4 ways to level up cost conversations with clients

The rapid evolution of veterinary care over the last few years is obvious in the emergence of curbside care and other pandemic-driven services. But what about clients’ financial considerations? Have practices changed the way they approach cost conversations and financial care for clients?

To find out, CareCredit sponsored the 2021 AAHA Financial Care Study.* The results, compiled from more than 1,200 veterinary professionals, shine a spotlight on opportunities for practices to improve the way they discuss costs. Here are four key takeaways.

  1. Be proactive versus reactive.

While practices are acutely aware of the issues clients face when the cost of veterinary care is high, the study found they respond both proactively and reactively. Offering payment options up front helps remove cost concerns so clients can focus on your care recommendations.

  • Proactive: 74% say they try to discuss costs with clients as soon as they feel they have an estimate. This is a great time to take the initiative to share payment options.
  • Reactive: 79% of veterinary practices say they discuss alternative payment options when a pet owner is unwilling to pay for a service or procedure.
  1. Empower the team.

The study also found the following gaps in staff training and education:

  • Only 19% of practices have trained specific people to discuss financing options.
  • Just five of 10 practices say almost all of their team is equipped to discuss costs with clients.

These insights reveal an opportunity to empower the veterinary team. Resources on client financing and pet insurance help smooth these discussions and increase clients’ access to care.

  1. Connect client decisions to clinic success.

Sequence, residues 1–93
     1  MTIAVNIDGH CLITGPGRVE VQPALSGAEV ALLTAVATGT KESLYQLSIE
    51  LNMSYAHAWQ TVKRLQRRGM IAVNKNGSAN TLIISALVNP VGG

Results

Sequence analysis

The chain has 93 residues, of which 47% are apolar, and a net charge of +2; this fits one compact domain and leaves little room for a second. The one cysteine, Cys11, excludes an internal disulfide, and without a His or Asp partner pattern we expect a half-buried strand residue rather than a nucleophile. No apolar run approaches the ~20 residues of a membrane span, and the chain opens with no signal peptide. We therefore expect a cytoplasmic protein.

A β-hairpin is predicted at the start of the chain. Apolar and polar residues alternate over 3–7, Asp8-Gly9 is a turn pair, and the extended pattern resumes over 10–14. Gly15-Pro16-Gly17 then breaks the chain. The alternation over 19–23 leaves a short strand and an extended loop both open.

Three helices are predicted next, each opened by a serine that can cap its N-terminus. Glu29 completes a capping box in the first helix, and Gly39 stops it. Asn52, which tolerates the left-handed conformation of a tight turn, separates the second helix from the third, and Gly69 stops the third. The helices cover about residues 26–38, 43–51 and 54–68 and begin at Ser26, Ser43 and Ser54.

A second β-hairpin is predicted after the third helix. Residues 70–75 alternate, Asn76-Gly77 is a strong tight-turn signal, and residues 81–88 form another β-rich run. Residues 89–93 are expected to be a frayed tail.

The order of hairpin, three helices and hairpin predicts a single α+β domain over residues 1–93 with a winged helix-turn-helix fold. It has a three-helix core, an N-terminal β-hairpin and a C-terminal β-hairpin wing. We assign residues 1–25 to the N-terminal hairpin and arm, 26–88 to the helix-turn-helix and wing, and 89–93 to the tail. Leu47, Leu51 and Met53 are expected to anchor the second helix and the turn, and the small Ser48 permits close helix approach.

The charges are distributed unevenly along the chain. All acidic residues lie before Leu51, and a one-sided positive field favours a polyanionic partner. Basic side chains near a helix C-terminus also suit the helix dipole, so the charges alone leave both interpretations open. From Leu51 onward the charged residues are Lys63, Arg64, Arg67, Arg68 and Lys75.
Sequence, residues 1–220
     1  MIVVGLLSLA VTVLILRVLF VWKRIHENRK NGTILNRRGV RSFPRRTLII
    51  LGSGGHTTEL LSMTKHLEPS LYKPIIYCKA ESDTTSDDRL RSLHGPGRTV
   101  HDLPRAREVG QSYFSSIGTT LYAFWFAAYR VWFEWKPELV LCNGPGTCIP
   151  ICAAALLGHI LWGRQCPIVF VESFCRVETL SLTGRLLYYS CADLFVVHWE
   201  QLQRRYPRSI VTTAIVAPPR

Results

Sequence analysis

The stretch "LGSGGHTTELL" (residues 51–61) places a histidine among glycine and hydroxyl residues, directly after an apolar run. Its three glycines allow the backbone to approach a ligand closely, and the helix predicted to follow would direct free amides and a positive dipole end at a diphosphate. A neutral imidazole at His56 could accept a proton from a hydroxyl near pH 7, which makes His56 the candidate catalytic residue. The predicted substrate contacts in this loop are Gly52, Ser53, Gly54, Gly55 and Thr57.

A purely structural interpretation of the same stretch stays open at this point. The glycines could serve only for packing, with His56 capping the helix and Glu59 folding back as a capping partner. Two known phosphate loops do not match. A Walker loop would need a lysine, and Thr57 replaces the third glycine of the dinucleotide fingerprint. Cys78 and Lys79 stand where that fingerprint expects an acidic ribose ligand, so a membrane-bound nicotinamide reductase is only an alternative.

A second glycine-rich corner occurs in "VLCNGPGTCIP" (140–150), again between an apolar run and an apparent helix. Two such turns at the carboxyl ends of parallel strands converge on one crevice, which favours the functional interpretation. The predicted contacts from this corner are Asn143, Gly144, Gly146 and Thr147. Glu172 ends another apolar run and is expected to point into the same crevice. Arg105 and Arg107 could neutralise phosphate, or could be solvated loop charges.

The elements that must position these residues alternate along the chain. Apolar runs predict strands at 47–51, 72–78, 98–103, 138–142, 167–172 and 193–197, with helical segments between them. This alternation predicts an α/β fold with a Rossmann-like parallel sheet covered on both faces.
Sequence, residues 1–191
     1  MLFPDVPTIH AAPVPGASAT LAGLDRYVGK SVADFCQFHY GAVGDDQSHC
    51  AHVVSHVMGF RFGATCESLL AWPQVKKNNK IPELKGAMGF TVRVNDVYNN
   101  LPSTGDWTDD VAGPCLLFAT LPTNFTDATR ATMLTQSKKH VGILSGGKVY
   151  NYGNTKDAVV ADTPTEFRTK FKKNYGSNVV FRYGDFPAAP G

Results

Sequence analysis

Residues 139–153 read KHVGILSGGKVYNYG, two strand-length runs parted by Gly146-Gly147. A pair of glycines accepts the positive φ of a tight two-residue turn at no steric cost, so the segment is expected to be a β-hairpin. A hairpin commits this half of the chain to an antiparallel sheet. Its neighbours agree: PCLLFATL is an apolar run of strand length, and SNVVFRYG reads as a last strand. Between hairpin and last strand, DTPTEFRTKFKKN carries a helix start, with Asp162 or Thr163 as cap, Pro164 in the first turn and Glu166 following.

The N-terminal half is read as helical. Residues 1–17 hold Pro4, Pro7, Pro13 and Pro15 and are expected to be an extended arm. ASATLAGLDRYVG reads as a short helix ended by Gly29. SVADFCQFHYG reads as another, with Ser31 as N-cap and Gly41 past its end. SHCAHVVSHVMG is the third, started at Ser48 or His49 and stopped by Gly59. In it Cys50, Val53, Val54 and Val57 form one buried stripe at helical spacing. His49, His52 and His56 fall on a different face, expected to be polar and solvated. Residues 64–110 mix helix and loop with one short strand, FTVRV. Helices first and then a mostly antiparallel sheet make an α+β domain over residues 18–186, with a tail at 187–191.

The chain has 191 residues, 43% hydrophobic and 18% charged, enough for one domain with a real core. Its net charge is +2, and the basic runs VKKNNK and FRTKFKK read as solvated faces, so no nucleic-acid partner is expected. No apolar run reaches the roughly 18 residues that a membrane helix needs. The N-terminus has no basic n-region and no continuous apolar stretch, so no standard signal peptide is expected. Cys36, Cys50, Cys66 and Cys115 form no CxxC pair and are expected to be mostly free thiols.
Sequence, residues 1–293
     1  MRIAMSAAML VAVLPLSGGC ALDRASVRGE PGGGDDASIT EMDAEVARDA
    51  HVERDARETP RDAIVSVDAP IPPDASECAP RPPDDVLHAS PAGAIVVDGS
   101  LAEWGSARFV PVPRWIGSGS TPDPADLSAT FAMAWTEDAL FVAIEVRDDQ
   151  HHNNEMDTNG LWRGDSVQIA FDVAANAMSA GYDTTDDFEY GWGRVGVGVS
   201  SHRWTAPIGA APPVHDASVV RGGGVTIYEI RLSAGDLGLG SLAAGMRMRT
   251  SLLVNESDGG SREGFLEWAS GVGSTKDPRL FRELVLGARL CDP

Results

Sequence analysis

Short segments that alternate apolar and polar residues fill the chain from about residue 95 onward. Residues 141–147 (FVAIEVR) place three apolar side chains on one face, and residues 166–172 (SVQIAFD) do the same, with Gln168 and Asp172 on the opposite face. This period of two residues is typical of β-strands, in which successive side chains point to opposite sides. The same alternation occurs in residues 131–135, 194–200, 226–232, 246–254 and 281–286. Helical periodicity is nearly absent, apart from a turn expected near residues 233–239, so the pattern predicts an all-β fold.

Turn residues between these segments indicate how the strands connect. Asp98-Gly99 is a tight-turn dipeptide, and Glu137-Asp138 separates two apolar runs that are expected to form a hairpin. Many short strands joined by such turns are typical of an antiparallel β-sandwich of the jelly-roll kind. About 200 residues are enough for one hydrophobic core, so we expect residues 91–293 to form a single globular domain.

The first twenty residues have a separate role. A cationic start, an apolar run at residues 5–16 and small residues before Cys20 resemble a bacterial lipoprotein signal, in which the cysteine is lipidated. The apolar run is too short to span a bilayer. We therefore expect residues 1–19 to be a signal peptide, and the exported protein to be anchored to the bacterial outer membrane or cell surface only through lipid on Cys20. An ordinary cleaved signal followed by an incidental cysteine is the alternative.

Only 53% of practices say their teams understand how clients’ financial decisions impact their practice. Again, this finding highlights an opportunity. Sharing a few simple examples can help your team see how supporting clients financially helps support patients and the practice.

Even with deeper knowledge, team members may be uncomfortable. After all, one in five practices find cost discussions downright difficult. The good news? They say the following strategies would help:

  • Offering pet insurance and client financing
  • Written treatment plans with cost estimates and payment options
  • More training on the cost of care and how to talk to clients.
  1. Evolve payment along with care.

The study asked how practices had changed the way they communicate about payment options since COVID-19, and their responses reveal that the evolution is just beginning. The top three changes are:

  • Communicating electronically via phone or text message, as well as taking payments over the phone, online or by text link.
  • Seeking payment sooner by sending written treatment plans, estimates and invoices to clients in advance.
  • Offering more payment options, including the ability to pay for care over time.

Finally, almost one in three practices say many pets don’t receive treatment because the cost is too high. This finding alone shows the urgent need to help clients manage the cost of care through flexible payment options and other financial resources. Bottom line? Financially prepared clients make for a financially healthy practice, and—best of all—patients get the care they need.

Written by Bill Voegeli, President, Association Insights

*Data from 2021 AAHA Veterinary Outlook Survey.

This content is subject to change without notice and offered for informational use only. You are urged to consult with your individual business, financial, legal, tax and/or other advisors with respect to any information presented. Synchrony and any of its affiliates, including CareCredit, (collectively, “Synchrony”) make no representations or warranties regarding this content and accept no liability for any loss or harm arising from the use of the information provided. Your receipt of this material and/or participation in this presentation constitutes your acceptance of these terms and conditions.


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